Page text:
Twin Otter and Dornier planes are the primary mode of transport to and from the airstrip at Lukla. This service is fairly dependable, however if flights are cancelled due to mountain weather conditions to/from Lukla Ace the Himalaya will help you charter a helicopter to ensure you are on schedule for your trip and international flight connections. Per Nepal’s Civil Aviation rules, the helicopter can fly if the visibility is 4,900 feet or greater, while the Twin Otter and Dornier planes can fly if the visibility is 16,400 feet or greater. If the weather is extreme and the visibility is less than 4,900 feet helicopters are also not operated. In such cases, Ace the Himalaya will reschedule your flight for the next day depending on availability. If this situation continues to repeat itself for many days, then you would be provided with alternative trek options.
The additional cost of this helicopter charter would be approximately $2,500 to $3,000 per helicopter (this cost can be shared among the passengers). The helicopter takes a maximum of five passengers plus 33 pounds of luggage per person. Payment for the helicopter must be paid at time of service by the participant. US dollars cash or credit cards (Visa Cards, Master Cards, American Express) are accepted for helicopter transportation. Any card payment requires a 4% bank fee, which goes directly to the bank. This cost can later be submitted for reimbursement through your travel insurance company. Ace the Himalaya can help you with the necessary documents for a claim.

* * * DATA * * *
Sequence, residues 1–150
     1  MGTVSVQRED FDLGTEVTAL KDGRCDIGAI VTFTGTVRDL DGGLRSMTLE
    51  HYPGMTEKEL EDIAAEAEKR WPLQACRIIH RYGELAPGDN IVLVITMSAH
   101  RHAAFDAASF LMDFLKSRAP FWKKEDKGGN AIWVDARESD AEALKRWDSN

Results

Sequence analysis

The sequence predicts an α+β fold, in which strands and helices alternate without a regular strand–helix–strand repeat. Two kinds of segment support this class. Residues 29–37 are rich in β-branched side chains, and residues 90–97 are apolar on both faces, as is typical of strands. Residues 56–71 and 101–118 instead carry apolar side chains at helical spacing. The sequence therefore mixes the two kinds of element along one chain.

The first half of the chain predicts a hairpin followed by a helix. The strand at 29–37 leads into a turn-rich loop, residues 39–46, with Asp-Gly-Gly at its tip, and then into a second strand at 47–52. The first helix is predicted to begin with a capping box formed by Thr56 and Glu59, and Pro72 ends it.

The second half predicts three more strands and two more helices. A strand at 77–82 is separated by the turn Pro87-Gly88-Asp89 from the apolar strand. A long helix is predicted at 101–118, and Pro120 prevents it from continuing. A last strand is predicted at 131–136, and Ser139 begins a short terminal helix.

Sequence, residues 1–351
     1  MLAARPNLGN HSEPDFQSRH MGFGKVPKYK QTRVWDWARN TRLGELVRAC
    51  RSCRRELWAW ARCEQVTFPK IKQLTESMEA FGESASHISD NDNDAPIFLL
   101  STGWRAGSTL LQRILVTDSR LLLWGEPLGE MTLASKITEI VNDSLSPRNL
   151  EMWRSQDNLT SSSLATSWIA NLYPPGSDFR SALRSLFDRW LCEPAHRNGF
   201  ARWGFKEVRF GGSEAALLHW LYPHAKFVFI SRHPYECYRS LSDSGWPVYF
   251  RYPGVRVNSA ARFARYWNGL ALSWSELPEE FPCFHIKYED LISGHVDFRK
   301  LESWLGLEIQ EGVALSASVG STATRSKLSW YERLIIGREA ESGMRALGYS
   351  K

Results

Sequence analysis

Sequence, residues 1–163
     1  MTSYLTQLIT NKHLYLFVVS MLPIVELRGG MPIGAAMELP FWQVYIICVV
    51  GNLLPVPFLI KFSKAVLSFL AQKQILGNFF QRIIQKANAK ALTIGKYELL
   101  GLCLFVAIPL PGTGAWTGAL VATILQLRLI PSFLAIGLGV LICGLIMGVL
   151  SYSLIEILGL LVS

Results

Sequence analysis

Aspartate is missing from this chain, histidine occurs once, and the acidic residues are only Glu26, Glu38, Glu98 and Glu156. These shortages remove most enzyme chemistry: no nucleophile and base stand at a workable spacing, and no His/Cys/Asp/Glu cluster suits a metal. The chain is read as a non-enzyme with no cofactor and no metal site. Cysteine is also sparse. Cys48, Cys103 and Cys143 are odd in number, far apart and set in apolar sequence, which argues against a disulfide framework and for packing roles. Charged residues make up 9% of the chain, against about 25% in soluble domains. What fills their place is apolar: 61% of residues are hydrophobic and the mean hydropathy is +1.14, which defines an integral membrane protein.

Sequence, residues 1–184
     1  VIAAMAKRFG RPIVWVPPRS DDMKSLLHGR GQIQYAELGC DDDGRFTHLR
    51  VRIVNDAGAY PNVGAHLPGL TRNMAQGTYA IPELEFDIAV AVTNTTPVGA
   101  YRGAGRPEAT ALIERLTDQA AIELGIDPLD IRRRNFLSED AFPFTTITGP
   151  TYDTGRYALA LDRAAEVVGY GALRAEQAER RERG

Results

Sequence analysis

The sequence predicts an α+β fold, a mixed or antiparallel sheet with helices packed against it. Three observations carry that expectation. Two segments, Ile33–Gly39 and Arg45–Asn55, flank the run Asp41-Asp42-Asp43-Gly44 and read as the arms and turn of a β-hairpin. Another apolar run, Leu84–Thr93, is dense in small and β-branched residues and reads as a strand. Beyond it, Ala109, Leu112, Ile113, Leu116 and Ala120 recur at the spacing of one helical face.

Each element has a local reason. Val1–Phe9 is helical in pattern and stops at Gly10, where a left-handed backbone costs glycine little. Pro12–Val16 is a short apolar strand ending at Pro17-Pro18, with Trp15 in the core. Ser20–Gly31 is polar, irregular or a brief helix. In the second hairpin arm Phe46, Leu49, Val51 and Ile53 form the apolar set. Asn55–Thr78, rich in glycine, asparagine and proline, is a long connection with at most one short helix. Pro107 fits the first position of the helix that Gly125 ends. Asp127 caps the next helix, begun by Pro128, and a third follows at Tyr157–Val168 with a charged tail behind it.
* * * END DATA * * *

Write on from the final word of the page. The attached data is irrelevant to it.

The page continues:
What are the accommodations like?
Accommodations include four nights in shared rooms in three-star hotels in Kathmandu and 11 nights in guesthouses along the trek. The hotels used in Kathmandu are the Gaju Suite Hotel and Hotel Jampa. Both are high quality hotels. The guesthouses generally provide basic, clean facilities with a mattress and quilt or blanket. You should expect to bring your own sleeping bag, although Ace the Himalaya can provide one for $35 per person for the trip if necessary. You can also rent a down jacket at a cost of $35 per person for the entire trip.
At the lower altitude locations like Lukla, Phakding, and Namche the guesthouses have shower facilities with hot water. And in the rest of the locations (at higher elevations), warm water in a bucket will be provided for shower. At all locations, it will cost you an extra $3-4 per shower. The higher you go, the more expensive the hot shower will be.
Can solo travelers get their own room? Is there a single supplement fee?
There is no option to have a single room during the trekking portion of the trip, however if you would like your own room for the four nights in Kathmandu, this can be arranged by paying an additional $140 directly to Ace the Himalaya.